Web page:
Robert Williams (Fall 2006)

Robert A. Williams, Jr . is the E. Thomas Sullivan Professor of Law and American Indian Studies and Director of the Indigenous Peoples Law and Policy Program at the University of Arizona Rogers College of Law in Tucson. An enrolled member of the Lumbee Indian Tribe of North Carolina, Professor Williams received his B.A. from Loyola College (1977) and his J.D. from Harvard Law School (1980). He was named the first Oneida Indian Nation Visiting Professor of Law at Harvard Law School (2003-2004), having previously served there as Bennet Boskey Distinguished Visiting Lecturer of Law. He is the author of The American Indian in Western Legal Thought: The Discourses of Conquest (Oxford University Press, 1990), which received the Gustavus Meyers Human Rights Center Award as one of the outstanding books published in 1990 on the subject of prejudice in the United States. He has also written Linking Arms Together: American Indian Treaty Visions of Law and Peace, 1600-1800 (Oxford University Press, 1997), and is co-author of Federal Indian Law: Cases and Materials (5 th ed., with David Getches and Charles Wilkinson) (West, 2004). His most recent book is entitled Like a Loaded Weapon: The Rehnquist Court, Indian Rights and the Legal History of Racism in America , published by the University of Minnesota Press (October 2005). Professor Williams has received major grants and awards from the Soros Senior Justice Fellowship Program of the Open Society Institute, the John D. and Catherine T. MacArthur Foundation, the Ford Foundation, the National Endowment for the Humanities, the American Council of Learned Societies, the U.S. Department of Education, the U.S. Department of Justice, and the National Institute of Justice. He has represented tribal groups before the Inter-American Court of Human Rights, the Inter-American Commission on Human Rights, and the United Nations Working Group on Indigenous Peoples, and served as co-counsel for Floyd Hicks in the United States Supreme Court case, Nevada v. Hicks (2001 term). Professor Williams presently serves as Chief Justice of the Yavapai-Prescott Apache Tribe Court of Appeals and as Chief Justice for the Court of Appeals, Pascua Yaqui Indian Reservation. He also serves as judge pro tempore for the Tohono O'odham Nation.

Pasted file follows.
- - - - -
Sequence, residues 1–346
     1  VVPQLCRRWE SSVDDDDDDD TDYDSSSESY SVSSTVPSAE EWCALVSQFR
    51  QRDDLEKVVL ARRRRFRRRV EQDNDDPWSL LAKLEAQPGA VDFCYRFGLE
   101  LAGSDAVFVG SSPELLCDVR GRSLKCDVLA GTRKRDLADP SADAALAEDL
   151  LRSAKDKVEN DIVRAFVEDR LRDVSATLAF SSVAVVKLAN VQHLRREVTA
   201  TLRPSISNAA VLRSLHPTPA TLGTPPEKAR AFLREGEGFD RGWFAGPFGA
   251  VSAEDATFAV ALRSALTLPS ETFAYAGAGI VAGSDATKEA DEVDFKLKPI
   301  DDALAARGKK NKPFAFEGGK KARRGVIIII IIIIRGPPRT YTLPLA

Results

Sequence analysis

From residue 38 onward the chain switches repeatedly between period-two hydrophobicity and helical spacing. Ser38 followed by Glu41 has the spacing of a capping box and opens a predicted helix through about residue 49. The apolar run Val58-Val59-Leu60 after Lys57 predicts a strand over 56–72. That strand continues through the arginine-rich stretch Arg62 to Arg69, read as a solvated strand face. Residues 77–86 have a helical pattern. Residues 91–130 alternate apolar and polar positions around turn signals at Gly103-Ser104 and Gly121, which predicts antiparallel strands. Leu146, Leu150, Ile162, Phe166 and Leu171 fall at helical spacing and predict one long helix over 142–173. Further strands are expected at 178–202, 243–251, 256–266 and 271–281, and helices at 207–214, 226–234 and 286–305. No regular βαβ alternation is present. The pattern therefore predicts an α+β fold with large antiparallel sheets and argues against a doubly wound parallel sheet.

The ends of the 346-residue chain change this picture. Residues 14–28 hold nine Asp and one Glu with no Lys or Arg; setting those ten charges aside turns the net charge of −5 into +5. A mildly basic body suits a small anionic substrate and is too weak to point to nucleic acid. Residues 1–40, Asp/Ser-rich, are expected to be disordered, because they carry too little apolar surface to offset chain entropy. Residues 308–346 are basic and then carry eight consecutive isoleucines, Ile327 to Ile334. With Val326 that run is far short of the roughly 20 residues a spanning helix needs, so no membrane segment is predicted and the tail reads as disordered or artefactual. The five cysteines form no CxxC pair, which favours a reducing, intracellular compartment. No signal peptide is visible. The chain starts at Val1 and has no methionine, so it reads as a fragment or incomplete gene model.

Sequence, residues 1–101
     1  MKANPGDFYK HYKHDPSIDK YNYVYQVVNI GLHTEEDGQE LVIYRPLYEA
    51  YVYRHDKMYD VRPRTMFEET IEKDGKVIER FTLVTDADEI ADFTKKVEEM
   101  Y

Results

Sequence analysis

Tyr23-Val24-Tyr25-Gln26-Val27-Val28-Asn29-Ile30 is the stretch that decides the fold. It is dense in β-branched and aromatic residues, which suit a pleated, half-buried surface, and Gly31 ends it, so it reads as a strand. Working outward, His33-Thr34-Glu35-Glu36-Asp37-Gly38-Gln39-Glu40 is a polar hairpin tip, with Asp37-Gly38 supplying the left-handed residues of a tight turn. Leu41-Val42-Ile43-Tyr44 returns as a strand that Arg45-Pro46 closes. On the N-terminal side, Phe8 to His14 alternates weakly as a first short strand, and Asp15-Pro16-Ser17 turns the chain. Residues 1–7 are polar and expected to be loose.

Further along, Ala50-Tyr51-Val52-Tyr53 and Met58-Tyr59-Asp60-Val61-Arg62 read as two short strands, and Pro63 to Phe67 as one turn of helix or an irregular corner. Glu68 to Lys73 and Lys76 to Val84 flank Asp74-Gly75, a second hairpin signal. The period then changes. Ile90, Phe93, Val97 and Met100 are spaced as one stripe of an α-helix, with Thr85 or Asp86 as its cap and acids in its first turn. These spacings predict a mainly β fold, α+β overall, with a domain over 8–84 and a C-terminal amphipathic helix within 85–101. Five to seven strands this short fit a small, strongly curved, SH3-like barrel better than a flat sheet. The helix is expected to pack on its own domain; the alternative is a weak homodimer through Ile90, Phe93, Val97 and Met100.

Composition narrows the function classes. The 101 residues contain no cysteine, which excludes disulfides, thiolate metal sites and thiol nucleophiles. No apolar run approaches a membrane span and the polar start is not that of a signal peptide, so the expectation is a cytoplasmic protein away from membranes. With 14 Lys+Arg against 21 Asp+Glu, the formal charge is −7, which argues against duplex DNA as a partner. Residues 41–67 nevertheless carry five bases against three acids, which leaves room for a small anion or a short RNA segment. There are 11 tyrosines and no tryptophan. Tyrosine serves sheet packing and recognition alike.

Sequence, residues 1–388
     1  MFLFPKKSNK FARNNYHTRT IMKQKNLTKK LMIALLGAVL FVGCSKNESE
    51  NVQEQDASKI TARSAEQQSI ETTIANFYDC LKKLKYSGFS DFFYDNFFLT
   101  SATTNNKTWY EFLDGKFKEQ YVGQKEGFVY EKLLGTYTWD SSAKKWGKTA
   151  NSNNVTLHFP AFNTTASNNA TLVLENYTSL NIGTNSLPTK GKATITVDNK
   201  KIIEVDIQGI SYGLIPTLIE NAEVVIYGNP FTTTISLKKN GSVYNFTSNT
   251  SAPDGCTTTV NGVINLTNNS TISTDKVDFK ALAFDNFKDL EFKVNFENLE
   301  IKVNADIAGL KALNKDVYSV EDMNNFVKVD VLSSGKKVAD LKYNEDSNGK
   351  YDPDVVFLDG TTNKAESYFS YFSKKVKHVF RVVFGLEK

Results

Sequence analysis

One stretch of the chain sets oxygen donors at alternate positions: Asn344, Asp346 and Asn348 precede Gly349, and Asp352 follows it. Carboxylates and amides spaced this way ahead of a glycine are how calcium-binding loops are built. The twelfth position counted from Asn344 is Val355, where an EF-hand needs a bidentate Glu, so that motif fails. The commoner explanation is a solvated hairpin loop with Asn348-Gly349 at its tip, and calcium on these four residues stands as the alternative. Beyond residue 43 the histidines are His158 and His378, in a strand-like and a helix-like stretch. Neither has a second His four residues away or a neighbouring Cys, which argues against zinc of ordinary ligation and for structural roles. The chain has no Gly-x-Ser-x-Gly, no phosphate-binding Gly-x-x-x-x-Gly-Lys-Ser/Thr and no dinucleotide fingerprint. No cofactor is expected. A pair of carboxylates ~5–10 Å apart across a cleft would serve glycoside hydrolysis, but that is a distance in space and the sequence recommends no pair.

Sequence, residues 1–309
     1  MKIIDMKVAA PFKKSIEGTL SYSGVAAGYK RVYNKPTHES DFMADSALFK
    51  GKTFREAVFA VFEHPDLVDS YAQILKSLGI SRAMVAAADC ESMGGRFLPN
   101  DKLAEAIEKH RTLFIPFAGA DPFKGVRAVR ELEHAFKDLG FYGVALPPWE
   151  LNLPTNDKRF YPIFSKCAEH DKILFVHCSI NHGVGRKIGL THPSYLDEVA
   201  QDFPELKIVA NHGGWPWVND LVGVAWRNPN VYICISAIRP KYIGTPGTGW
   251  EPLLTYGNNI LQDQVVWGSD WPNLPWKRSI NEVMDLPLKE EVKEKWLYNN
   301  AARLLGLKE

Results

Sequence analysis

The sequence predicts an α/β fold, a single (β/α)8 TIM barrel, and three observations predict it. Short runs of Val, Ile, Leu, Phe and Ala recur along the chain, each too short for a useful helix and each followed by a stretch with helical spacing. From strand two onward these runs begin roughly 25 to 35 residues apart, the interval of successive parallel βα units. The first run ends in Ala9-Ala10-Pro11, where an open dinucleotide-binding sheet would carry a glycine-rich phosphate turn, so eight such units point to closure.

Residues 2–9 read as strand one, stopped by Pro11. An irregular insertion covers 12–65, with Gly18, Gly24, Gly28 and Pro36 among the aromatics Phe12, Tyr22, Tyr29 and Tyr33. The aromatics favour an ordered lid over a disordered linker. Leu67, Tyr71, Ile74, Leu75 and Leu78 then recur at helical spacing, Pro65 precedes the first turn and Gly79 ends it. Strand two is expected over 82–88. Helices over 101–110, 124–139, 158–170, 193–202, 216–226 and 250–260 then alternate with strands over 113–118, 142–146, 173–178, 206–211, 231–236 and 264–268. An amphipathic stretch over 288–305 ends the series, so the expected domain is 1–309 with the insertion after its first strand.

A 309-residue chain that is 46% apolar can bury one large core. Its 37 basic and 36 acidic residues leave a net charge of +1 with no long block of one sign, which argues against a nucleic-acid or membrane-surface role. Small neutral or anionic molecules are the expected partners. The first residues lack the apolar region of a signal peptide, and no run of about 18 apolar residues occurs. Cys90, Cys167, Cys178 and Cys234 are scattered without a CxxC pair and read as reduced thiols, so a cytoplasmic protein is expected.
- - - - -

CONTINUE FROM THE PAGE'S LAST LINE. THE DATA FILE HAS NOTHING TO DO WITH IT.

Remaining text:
Sheryll D. Cashin (Spring 2006)

Sheryll Cashin, Professor of Law at Georgetown University, teaches Constitutional Law, Local Government Law, and Property among other subjects. She writes about race relations, government and inequality in America. Her new book, The Failures of Integration: How Race and Class are Undermining the American Dream (Public Affairs, 2004) received critical praise in The New York Times Book Review and The Chicago Tribune among other publications. Cashin has published widely in academic journals and written commentaries for several periodicals, including the L.A. Times , Washington Post , and Education Week . A frequent radio and T.V. commentator, she has appeared on NPR All Things Considered, The Diane Rehm Show, The Tavis Smiley Show, The Newshour With Jim Leher, CNN, BET, ABC News, and numerous local programs.

Professor Cashin worked in the Clinton White House as an advisor on urban and economic policy, particularly concerning community development in inner-city neighborhoods. She was law clerk to U.S. Supreme Court Justice Thurgood Marshall and Judge Abner Mikva of the U.S. Court of Appeals for the District of Columbia Circuit. She graduated summa cum laude from Vanderbilt University in 1984 with a bachelorâ€Ts degree in electrical engineering. As a Marshall Scholar, she went on to receive a masters in English Law, with honors , from Oxford University in 1986 and a J.D., with honors , from Harvard Law School, in 1989, where she was a member of the Harvard Law Review. Cashin was born and raised in Huntsville, Alabama, where her parents were political activists.

Devon Carbado (Fall 2005)

Devon Carbado teaches Constitutional Criminal Procedure, Constitutional Law, Critical Race Theory , and Criminal Adjudication . He was elected Professor of the Year by the UCLA School of Law Class of 2000, is the 2003 recipient of the Rutter Award for Excellence in Teaching, and was recently awarded the Distinguished Alumni Award from Harvard Law School 's Black Law Students Association.